Predicting the size and scope of cloud-related sales, let alone which of the industry leaders are truly leading the way from a revenue perspective can be frustratingly difficult. For example, research firm IDC a year ago suggested cloud revenues would jump "25% in 2014, reaching over $100 billion." Contrast that estimate with Synergy Research Group's data from mid-2014 indicating trailing-12-month cloud-related revenues were in the $13 billion-plus range, and it's easy to see how even industry insiders find it difficult to nail down the potential of the cloud, let alone which providers are leading the way.
The difficulty stems in part from some of the biggest players -- including Amazon.com (NASDAQ:AMZN) and Google (NASDAQ:GOOG) (NASDAQ:GOOGL) -- refusing to break out cloud-specific revenues, choosing instead to lump them into their respective, "other" categories. With that said, there's enough data to get a sense of who the prime players are and, at the least, estimate revenues. Another means of testing the waters is to talk to the folks directly responsible for implementing cloud solutions for their organizations, which is what Piper Jaffray did recently, to the chagrin of Google.
While not necessarily what a statistician would call a representative sample, Piper's annual survey of chief information officers around the country included asking 112 CIOs who their preferred public cloud provider is. Not surprisingly, Amazon.com and its AWS (Amazon Web Services) business unit topped the list of favorite cloud solutions, named by 35% of the CIOs in 2015, up from last year's 33%, according to a report in The Wall Street Journal.
Next in line with the CIOs in this poll was Microsoft (NASDAQ:MSFT), selected by 21% as the cloud provider of choice, a slight improvement over 2014's 20%. Like Amazon.com, Microsoft at or near the top of a cloud provider's list isn't a surprise; CEO Satya Nadella has made no secret of his plans to dominate the cloud market, one of his two "mobile-first, cloud-first" strategic pillars.
What was somewhat surprising was where Google stands among CIOs according to Piper's survey. About this time in 2014, Google was pegged by 12% of the tech leaders as their first option for cloud services. This year? A mere 7% said they prefer Google over the other providers. What makes Google's backsliding surprising is that it comes in spite of its concerted efforts in pouring considerable time, energy, and money into rolling out new cloud applications and services.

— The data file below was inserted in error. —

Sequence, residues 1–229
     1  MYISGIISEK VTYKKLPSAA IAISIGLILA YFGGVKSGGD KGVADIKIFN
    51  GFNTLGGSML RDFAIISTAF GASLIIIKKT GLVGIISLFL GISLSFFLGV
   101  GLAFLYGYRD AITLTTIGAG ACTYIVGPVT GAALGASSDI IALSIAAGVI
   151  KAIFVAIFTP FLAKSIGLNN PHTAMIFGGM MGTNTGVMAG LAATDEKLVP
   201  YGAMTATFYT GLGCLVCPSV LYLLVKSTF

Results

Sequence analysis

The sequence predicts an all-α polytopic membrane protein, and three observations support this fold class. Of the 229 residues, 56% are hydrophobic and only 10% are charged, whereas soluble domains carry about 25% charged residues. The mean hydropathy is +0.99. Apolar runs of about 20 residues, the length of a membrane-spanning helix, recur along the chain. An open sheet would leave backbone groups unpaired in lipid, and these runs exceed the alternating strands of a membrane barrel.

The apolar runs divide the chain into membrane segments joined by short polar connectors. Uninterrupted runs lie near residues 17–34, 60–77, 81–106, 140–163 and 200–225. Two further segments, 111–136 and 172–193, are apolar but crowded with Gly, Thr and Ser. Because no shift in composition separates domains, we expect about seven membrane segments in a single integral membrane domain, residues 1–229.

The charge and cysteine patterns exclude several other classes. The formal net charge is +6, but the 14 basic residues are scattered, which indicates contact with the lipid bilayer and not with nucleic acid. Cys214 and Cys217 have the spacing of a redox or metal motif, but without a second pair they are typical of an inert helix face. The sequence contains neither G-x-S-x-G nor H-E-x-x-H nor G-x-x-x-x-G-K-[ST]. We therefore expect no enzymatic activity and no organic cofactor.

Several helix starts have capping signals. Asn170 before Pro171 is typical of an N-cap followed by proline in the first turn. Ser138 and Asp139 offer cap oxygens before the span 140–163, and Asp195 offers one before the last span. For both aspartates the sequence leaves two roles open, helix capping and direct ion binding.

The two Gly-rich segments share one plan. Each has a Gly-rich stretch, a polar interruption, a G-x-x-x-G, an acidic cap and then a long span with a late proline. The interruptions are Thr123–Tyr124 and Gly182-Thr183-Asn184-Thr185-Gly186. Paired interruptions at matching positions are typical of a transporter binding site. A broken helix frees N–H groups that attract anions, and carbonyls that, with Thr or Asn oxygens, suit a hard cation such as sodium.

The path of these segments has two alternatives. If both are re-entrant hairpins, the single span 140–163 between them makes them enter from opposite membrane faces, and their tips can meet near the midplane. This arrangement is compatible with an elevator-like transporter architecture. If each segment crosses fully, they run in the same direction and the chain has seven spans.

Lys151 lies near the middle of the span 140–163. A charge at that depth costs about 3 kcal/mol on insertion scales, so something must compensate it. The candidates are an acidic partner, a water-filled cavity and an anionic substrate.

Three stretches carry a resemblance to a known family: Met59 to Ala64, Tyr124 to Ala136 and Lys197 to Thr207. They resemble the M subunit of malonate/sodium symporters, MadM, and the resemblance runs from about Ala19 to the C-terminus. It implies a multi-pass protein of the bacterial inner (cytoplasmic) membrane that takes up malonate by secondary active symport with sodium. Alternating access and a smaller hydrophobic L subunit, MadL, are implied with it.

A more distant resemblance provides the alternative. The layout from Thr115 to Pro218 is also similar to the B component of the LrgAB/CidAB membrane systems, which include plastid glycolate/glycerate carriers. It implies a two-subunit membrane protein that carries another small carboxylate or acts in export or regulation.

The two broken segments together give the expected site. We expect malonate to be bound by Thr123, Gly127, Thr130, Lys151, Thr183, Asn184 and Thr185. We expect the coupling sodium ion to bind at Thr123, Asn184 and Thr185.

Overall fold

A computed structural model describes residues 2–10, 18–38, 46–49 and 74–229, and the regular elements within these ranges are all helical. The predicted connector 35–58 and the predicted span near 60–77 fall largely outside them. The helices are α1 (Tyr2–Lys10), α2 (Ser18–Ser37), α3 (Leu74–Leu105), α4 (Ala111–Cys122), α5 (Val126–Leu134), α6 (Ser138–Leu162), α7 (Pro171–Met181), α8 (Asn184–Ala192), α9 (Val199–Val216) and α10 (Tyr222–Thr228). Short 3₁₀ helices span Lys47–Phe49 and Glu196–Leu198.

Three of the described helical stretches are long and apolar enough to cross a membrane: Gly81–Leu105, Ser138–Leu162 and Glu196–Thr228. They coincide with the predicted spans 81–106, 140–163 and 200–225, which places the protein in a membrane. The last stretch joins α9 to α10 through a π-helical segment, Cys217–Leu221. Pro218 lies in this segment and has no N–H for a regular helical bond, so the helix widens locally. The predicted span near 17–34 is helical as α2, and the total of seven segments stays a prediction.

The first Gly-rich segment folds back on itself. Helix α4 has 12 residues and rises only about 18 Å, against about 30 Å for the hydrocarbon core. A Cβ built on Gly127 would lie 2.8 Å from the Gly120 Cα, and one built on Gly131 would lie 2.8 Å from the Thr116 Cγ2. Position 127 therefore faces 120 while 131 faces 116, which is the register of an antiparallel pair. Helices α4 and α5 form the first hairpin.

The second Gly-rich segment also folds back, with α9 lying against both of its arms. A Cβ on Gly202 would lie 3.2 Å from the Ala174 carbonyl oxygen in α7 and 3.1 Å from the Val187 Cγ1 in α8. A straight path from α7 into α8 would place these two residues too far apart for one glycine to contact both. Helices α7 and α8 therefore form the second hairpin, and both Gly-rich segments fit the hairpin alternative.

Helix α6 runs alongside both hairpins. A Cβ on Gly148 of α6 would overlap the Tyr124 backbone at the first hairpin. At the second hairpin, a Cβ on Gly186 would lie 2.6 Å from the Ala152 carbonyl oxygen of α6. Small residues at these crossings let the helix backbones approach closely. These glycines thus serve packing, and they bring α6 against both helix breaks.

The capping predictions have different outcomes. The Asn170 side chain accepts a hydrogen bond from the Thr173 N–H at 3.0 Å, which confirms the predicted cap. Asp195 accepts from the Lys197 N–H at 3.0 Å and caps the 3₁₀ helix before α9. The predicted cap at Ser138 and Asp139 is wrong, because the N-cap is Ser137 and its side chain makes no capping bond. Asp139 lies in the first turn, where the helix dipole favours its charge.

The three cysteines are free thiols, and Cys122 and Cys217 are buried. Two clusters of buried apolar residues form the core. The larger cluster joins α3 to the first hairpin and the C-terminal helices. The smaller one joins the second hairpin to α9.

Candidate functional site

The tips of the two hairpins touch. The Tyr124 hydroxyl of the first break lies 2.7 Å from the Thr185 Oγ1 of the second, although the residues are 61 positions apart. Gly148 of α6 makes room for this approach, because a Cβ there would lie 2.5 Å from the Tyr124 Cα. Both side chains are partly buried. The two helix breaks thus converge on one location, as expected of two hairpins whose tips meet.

But wait, there's more
It would be easy to discount Piper's survey because of the aforementioned limited sample size, but Microsoft's rise in the cloud, Amazon.com's continued strength, and Google's loss of steam are supported by separate data as well. According to one report by Synergy Research Group conducted at the end of Q2 2014 of the five primary cloud service providers, Microsoft grew the fastest -- by a wide margin. Microsoft's market share cloud growth of 164% was nearly twice that of another behemoth going all in, IBM (NYSE:IBM).
Up 86% during the same period, IBM's cloud efforts are beginning to pay dividends. A bevy of new data centers across the globe, $1 billion investments in Platform as a Service (PaaS) for cloud developers and its cloud-based Watson big data supercomputer have propelled IBM up with the Microsofts and Amazon.coms of the cloud world.
As for Google, despite hosting cloud-specific conferences, incenting developers to expand its solutions, and cutting cloud services costs by as much 79%, its popularity among key tech execs continues to wane. And with cloud-related revenue estimates of a mere $1.6 billion last year -- Google doesn't share specifics -- compared to Microsoft's nearly $4.5 billion in annual cloud revenues, along with an estimated $4 billion for Amazon.com's AWS unit, both are head-and-shoulders above Google. IBM, as of last quarter, isn't far behind the two leaders, boasting a run rate of over $3 billion in cloud-related revenues. Factor in the level of IBM's cloud growth compared to its peers, and it could be a three-horse race before long.